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Charles Fréger, SAOTOME 3 Ayashi, Sendai, Miyagi préfecture, 2013 - 2015

Charles Fréger, FÂMÂ Ishigakijima, Okinawa préfecture, 2013 - 2015

Linklaters’ Collection: Acquisition of new photography by Charles Fréger

A French photographer, born in 1975 in Bourges, Charles Fréger graduated from Rouen’s École des Beaux-Arts in 2000. He founded the network and art publishing house Piece of Cake, which gathers together European and American artists. Charles Fréger has pursued, since the early 2000s, a collection entitled Portraits photographiques et uniformes. Taken in Europe and all over the world, this series is devoted to groups of sportsmen, soldiers and students, and focuses on his interest in outfits and uniforms. He has already exhibited in Japan, at the Forum Hermès in Tokyo (2016), in China at the Lianzhou Foto Festival (2015) and in Mexico at the Museo de Arte Contemporaneo in Monterrey (2014). In France, a monographic exhibition was dedicated to him in 2013 at the MAC/VAL. Charles Fréger is also one of the major artists introduced at the Rencontres Photographiques d’Arles in 2016.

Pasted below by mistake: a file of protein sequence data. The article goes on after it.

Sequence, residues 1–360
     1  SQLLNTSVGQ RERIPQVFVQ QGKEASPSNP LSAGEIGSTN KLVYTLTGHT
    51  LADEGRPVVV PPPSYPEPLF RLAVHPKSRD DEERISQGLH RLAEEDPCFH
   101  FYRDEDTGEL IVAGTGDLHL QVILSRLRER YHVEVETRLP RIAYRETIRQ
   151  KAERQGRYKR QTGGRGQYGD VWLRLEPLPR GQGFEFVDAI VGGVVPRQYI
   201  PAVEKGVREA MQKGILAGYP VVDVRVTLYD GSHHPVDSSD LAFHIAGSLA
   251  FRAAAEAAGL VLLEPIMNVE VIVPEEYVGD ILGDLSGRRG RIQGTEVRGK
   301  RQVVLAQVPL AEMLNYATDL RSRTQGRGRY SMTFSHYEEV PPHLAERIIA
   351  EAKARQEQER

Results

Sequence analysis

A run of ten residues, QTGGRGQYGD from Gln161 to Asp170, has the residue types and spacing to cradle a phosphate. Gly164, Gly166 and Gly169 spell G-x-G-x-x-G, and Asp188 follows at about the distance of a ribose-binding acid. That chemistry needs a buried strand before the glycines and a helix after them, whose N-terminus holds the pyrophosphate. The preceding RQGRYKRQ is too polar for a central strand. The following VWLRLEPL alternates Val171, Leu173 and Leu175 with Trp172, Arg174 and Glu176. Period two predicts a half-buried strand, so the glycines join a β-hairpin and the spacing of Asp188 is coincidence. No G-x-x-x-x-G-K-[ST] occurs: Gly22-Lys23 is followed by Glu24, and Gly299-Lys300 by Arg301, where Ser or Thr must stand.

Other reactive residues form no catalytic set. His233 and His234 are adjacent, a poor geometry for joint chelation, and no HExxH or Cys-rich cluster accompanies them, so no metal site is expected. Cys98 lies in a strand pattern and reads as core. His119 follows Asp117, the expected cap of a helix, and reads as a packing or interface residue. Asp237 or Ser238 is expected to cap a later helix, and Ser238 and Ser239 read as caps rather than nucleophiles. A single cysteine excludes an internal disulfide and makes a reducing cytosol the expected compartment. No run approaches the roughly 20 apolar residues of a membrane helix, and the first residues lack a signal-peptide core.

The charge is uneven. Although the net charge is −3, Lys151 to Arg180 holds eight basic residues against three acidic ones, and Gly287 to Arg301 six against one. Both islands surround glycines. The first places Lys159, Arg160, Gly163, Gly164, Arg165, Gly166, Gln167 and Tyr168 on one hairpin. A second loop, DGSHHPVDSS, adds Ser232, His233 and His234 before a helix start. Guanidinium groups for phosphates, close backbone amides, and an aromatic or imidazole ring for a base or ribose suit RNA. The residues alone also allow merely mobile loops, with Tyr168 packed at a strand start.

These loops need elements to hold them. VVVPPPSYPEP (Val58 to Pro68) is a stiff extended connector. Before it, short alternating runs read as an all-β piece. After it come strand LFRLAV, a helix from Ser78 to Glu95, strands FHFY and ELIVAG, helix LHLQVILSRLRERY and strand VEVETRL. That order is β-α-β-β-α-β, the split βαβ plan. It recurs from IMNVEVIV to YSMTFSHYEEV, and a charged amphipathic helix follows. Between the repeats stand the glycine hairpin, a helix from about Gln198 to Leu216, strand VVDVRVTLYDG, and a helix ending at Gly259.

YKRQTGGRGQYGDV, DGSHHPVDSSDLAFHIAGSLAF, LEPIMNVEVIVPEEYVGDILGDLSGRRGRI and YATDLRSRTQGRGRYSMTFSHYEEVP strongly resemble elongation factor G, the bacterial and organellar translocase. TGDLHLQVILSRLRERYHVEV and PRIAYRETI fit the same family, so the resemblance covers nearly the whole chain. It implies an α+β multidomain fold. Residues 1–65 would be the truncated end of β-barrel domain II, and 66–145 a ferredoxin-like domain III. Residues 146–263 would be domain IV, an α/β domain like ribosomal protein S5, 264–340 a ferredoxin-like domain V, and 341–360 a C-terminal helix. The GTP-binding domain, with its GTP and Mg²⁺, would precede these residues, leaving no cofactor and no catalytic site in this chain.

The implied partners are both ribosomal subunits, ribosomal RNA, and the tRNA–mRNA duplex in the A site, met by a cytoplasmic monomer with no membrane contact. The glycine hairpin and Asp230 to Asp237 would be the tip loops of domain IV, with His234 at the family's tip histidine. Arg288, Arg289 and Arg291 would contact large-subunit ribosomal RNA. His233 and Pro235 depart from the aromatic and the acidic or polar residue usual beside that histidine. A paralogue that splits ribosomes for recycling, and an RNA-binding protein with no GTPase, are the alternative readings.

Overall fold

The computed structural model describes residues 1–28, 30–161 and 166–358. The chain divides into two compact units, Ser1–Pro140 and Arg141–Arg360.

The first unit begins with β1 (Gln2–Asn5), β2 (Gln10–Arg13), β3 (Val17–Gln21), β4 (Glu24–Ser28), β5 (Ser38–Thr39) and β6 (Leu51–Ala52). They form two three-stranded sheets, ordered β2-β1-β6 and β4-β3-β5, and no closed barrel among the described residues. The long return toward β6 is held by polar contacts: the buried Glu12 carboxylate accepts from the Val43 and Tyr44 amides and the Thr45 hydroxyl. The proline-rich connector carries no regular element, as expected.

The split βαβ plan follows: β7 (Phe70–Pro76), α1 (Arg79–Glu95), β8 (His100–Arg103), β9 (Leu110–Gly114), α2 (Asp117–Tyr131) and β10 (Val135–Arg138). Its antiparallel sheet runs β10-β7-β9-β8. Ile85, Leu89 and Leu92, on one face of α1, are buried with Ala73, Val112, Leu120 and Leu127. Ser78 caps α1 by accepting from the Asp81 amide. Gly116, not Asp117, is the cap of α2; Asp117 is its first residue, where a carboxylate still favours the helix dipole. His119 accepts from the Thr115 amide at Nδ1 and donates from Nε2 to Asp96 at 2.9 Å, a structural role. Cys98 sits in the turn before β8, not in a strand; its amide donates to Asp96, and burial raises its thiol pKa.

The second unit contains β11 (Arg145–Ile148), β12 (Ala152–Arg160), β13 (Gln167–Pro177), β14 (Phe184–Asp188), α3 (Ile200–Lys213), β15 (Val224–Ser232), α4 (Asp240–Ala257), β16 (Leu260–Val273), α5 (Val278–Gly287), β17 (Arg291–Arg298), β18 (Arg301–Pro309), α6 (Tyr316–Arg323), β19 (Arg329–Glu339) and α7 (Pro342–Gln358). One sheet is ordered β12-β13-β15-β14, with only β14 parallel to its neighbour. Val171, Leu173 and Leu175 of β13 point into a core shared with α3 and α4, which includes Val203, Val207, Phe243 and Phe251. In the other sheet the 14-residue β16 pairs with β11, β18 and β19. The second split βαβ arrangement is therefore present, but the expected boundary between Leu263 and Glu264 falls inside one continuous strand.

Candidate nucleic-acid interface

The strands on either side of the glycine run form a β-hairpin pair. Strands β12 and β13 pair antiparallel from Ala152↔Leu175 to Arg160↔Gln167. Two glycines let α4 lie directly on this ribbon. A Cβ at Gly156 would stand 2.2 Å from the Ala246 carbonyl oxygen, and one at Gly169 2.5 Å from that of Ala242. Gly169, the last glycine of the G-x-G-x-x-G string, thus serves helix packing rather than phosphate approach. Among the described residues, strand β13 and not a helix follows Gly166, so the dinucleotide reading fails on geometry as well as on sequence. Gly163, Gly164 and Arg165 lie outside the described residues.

In his work, Charles Fréger uses all the elements of a detailed photographic vocabulary made up of centre-framed compositions which are often full frontal, full length, upper-body or close-ups. The transparency of the lighting and the neutrality of the expression through images which are very sensitive to the quality of the skin and the texture of the clothes, suggest a reference to the portraits painted by the old masters.

In 2013, just after finishing his European tour of winter masquerades (Wilder Mann), Charles Fréger began a photography project exploring Japan’s masked ritual figures. This is the subject matter of the 10 prints that are now part of the Linklaters Collection and that belong to the Yokainoshima series. These are also the subject of a book published by Actes Sud. Yokai, oni, tengu and kappa, which can be translated as ghosts, monsters, ogres and goblins, are ritual figures imagined by man and embodied during festivals and ceremonies as an attempt to tame the elements and find meaning in natural events.